Baroness Blatch: As I understand it, in the case that the right reverend Prelate has referred to--if that lady were actually fleeing--first of all, she was not fleeing from a designated country, or one that it is not planned to designate. If she were fleeing from persecution and arrived in this country with a false passport, and explained why she had a false passport at the point of entry, there would be absolutely no threat to that lady at all. She would be decidedly helped from the moment of arrival if she claimed asylum and explained why it was that she had a false passport.

The Lord Bishop of Ripon: I am grateful to the Minister for that explanation. In this particular case, because she had been advised not to say anything to immigration authorities she came into the country on the false passport and did not declare it at that moment. That is why she is now in such difficulties with her application.

Baroness Blatch: I have always thought it is more difficult to be deceitful than to be honest at immigration control. You have to have some courage to look people in the eye and lie to them. I regard that as being much more difficult when somebody is asking them questions.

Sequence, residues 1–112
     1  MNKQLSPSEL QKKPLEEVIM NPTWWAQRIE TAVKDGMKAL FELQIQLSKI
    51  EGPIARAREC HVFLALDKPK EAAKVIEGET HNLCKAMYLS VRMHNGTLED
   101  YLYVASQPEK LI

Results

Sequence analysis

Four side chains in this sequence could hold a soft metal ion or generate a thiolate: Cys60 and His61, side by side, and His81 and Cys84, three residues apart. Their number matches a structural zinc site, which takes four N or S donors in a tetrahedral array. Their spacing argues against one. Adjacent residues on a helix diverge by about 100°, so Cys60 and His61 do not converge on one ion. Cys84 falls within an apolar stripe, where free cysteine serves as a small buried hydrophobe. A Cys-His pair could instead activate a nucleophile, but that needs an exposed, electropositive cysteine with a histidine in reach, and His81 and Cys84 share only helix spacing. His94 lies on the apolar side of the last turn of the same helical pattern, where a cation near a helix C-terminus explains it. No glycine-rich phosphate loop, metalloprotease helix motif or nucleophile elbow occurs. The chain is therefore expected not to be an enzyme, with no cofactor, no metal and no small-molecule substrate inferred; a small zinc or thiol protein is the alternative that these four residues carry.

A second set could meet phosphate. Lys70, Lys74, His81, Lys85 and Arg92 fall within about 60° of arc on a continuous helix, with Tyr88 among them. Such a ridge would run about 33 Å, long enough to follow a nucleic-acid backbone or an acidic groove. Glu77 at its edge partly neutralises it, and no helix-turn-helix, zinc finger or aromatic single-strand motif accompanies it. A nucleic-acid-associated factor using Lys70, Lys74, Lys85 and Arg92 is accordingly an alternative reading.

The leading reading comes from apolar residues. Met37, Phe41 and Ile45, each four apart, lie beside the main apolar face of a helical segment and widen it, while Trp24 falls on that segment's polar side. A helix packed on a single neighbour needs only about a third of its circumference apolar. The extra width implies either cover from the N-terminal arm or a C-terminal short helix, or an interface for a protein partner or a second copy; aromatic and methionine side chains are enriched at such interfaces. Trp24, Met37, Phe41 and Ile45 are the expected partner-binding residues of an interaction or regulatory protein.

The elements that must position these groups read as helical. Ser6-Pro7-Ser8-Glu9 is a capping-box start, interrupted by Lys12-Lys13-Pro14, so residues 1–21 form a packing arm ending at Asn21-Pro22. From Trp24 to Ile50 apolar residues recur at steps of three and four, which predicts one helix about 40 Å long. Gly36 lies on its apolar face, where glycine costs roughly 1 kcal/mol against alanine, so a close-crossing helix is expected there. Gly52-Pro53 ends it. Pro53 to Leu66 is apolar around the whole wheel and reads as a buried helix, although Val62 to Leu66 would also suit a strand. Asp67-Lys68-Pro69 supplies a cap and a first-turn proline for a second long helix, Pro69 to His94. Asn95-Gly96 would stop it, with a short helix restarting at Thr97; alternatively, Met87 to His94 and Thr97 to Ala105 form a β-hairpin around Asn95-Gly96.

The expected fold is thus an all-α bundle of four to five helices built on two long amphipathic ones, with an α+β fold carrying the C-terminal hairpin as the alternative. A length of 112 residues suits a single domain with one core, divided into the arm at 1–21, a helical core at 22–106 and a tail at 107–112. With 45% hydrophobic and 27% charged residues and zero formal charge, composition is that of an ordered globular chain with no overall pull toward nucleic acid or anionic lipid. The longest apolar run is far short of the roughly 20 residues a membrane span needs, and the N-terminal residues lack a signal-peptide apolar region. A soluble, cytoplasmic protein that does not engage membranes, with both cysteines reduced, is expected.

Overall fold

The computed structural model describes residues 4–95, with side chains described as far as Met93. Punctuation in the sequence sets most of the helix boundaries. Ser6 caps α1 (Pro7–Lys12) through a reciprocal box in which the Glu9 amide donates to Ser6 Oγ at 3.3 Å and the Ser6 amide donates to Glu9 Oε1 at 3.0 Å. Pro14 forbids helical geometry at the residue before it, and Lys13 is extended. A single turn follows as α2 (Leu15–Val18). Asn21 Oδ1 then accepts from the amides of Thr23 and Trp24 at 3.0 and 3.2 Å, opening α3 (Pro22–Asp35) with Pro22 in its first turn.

If these measures are put in place the hope is that that certainly would not happen and that those advising such people would advise them that it is better to be honest.

As to the amendments, I have shown a degree of frustration about the organisation of these amendments. When I saw them this morning I found it almost inexplicable that we had separated out the amendments. We have an amendment tabled by the noble Lords, Lord McIntosh, and Lord Dubs, who say remove paragraphs (a) and (b). We have another amendment which says just remove paragraph (a), and we have a third amendment which says just remove paragraph (b). They are exactly the same amendments; there is nothing different about them at all. I tried to have them discussed jointly and I was told that it was not

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acceptable, so they were all separated, and at the last minute they are all back together again. They are in fact identical amendments, and I shall treat them as such.